So you got in an accident, or you suspect someone vandalized your car and you need to review dash cam footage. There are several methods that will work, but some methods are inefficient. It really depends on what you are hoping to see out of the footage. It might seem rudimentary, but if your goal is to quickly scrub through the footage and show police officers recent footage, you don’t want to be stumbling and figuring it out on the spot.
In this article, we will talk about how to pull up footage in different scenarios and for different purposes. This will be a quick read, but I’m sure you’ll learn a thing or two about your dash cam. Sometimes you may even forget that there are some cool, unused features in your dash cam!
Every dash cam will have a microSD card attachment. This is the place where you can insert removable storage. This card will carry all of your footage. Often, the dash cam will come with a default memory card. These won’t have much storage, we recommend purchasing a larger one as it is cheap and more reliable.
Another benefit of buying a large SD card is to hold more video files for longer periods of time. Dash cams have a looping recording feature where once the SD card is full, it will delete older footage to make room for the new footage. You may think, why do I need a large SD card then?
While loop recording is great in principle, you don’t want to have a small capacity memory card because you may want to review older footage. If your card is erasing video files from 1 or 2 days ago, you can’t review any footage from before that. Often times, I’ll notice a dent in my paint days after and I’m praying that I captured it.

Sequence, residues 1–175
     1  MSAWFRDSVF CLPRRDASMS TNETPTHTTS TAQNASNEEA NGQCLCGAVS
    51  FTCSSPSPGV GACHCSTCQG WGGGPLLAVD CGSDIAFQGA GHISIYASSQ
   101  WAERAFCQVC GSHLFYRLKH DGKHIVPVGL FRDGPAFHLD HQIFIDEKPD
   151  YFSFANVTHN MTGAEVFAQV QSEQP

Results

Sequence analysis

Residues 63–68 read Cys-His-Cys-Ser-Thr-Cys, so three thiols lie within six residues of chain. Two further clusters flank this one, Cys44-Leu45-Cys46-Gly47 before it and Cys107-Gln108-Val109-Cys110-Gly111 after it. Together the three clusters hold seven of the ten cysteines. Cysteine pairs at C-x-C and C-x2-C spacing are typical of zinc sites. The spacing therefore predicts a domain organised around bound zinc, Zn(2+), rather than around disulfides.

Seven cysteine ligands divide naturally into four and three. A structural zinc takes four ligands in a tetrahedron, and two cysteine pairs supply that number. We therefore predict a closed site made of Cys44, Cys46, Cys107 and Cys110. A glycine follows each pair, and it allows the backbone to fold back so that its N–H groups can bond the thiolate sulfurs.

A good microSD card won’t have issues writing data onto the card.
Since these cards are removable, you can use them in any computer that has a microSD card slot. Typically most computers will have a SD slot, which is just the big brother of a microSD. You’ll need to get an adapter if you only have a SD slot. Once inserted, it should show up on your computer where you can watch your footage on your computer monitor. If YouTube is your final destination, you can upload footage from the SD card to YouTube. You can also use photo editing software to edit your footage.
Most dash cams will have their own screens to do basic functions like change settings, position the camera, and review footage. Don’t expect to get crystal clear clarity on a 2 to 3 inch screen. But if you need to replay something for the cops that doesn’t require reading license plates, then using your dash cam screen in a pinch will work.
Probably the easiest way to view dash cam footage is using WiFi. This feature doesn’t come on all dash cams, but we have a list of WiFi dash cams that will work for you. WiFi on a dash cam allows you to use your smart phone to view, and even share footage. Your dash cam manufacture will have an app that you have installed. Once the app is opened, you can connect to your dash cam. The app will have menu options to view recorded footage, view the live camera, share footage on social media, download footage and more.
This is our most preferred way to view dash cam footage. If you need to show cops the footage immediately, this is way better as viewing footage on a smart phone is preferable to a dash cam screen.